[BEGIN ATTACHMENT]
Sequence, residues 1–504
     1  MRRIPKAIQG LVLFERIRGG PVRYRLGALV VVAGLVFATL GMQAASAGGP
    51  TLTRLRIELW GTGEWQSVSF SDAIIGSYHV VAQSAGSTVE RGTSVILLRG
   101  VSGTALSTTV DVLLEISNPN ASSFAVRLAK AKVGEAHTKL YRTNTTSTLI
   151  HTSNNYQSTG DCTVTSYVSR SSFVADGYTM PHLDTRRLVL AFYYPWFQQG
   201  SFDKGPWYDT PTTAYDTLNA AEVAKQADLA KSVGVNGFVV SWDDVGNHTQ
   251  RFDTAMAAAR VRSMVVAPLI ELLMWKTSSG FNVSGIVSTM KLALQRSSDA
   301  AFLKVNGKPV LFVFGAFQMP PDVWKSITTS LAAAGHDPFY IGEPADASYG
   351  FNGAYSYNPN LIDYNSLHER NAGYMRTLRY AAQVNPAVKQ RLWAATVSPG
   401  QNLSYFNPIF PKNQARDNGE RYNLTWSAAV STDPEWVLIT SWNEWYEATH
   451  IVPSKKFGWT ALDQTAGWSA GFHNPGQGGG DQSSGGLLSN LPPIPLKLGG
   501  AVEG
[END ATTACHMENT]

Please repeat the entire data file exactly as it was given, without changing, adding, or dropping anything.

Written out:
Sequence, residues 1–504
     1  MRRIPKAIQG LVLFERIRGG PVRYRLGALV VVAGLVFATL GMQAASAGGP
    51  TLTRLRIELW GTGEWQSVSF SDAIIGSYHV VAQSAGSTVE RGTSVILLRG
   101  VSGTALSTTV DVLLEISNPN ASSFAVRLAK AKVGEAHTKL YRTNTTSTLI
   151  HTSNNYQSTG DCTVTSYVSR SSFVADGYTM PHLDTRRLVL AFYYPWFQQG
   201  SFDKGPWYDT PTTAYDTLNA AEVAKQADLA KSVGVNGFVV SWDDVGNHTQ
   251  RFDTAMAAAR VRSMVVAPLI ELLMWKTSSG FNVSGIVSTM KLALQRSSDA
   301  AFLKVNGKPV LFVFGAFQMP PDVWKSITTS LAAAGHDPFY IGEPADASYG
   351  FNGAYSYNPN LIDYNSLHER NAGYMRTLRY AAQVNPAVKQ RLWAATVSPG
   401  QNLSYFNPIF PKNQARDNGE RYNLTWSAAV STDPEWVLIT SWNEWYEATH
   451  IVPSKKFGWT ALDQTAGWSA GFHNPGQGGG DQSSGGLLSN LPPIPLKLGG
   501  AVEG